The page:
I did get to meet the Boston blogger who has a keen eye for our local music scene, Julie Stoller, in town for a week or so, and was glad to see Mr. 704 Blog there as he was yet to join us back when this was "Let's Independent!" headquarters and he appreciated the quality of the environment. The whole evening was a pretty magical affair and a reminder that there's more to the scene than just the East Side. The pictures tell the story.


Tuesday, August 13, 2013

Grizzly Bear at Hollywood Forever Cemetery - August 9, 2013

It was eight years ago this month that I tumbled head over heels back into rock music. It had such an immediate and enormous impact on my life that I'll never be able to forget the date of August 1st 2005. In fact it was one of those points when your life has been changed forever, but it takes a few years to really sink in. This past weekend was a fitting way to begin my celebration of this significant event. Three outdoor concerts in three days, the start of a vacation from work and the weekend before the much anticipated Echo Park Rising.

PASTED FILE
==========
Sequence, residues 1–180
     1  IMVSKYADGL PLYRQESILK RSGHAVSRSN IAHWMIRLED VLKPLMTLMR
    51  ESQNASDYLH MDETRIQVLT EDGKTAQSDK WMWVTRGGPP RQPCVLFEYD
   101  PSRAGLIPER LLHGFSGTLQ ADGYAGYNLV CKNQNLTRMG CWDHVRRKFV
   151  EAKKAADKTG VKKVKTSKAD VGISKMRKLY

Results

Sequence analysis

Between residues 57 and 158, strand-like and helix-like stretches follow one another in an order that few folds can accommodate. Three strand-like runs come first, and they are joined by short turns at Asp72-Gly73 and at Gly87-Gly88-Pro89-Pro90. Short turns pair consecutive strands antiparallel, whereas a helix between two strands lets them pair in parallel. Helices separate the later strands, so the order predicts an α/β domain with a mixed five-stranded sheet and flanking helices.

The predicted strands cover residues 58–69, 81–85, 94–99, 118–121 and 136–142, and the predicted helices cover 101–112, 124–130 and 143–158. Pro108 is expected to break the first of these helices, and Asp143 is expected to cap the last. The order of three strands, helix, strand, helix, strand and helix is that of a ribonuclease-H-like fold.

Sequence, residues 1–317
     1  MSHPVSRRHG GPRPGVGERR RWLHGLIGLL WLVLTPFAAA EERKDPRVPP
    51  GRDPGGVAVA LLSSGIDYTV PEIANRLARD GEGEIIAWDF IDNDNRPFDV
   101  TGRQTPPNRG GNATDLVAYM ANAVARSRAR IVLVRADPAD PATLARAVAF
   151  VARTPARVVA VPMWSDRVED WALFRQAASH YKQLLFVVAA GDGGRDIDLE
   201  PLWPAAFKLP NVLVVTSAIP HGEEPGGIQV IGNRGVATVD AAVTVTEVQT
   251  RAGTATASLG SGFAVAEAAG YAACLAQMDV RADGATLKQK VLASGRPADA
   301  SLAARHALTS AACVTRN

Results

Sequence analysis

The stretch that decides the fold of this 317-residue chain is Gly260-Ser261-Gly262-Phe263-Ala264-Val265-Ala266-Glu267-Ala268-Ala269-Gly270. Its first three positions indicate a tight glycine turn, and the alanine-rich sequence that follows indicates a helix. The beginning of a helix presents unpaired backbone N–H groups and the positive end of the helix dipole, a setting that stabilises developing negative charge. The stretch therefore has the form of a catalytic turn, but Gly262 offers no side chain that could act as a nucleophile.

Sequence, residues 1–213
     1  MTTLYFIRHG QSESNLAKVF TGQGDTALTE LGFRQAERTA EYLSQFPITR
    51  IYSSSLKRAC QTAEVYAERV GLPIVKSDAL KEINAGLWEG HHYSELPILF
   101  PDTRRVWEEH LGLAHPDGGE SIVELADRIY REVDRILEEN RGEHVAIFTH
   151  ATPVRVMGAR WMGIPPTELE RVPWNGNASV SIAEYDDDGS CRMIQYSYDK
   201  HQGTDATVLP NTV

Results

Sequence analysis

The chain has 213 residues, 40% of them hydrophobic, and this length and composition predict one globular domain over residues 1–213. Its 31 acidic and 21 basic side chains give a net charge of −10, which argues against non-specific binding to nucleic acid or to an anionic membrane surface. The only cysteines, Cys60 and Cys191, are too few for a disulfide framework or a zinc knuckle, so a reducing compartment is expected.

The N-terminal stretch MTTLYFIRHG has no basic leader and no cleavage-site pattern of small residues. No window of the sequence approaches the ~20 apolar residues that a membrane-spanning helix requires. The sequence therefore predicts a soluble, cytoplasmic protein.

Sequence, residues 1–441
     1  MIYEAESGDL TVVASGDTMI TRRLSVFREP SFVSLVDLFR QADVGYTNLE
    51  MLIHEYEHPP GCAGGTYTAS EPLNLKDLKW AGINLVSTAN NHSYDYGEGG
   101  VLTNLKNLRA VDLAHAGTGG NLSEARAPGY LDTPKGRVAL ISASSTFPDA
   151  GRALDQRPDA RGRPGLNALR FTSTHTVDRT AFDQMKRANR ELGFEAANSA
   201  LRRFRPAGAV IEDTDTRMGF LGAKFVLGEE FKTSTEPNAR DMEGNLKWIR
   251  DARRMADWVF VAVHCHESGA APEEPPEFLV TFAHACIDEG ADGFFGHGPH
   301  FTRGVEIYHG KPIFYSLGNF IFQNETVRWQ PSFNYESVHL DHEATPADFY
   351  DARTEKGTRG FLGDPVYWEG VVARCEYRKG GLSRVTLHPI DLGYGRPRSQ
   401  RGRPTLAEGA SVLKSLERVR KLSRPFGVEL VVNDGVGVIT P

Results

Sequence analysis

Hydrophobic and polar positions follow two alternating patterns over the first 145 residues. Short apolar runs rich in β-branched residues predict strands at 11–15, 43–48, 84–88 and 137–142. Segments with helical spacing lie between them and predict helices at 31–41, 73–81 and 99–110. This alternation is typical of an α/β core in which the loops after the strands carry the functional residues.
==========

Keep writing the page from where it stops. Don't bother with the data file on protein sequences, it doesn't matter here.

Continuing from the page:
This was the first time I've been able to attend one of the outdoor concerts at the historic Hollywood Forever Cemetery and Grizzly Bear was the perfect band for that introduction. It was such a special night that I'll relate it from the beginning. It's been nearly a year since the release of their latest album, Shields, so I wasn't sure how big the clamor for tickets to this show would be, especially considering the $55. price tag. Arriving a little after the gates opened at 7 PM, I was in that zig-zagging line that snakes it's way back and forth on the lawn just outside the cemetery and as it wasn't packed, the line moved quickly.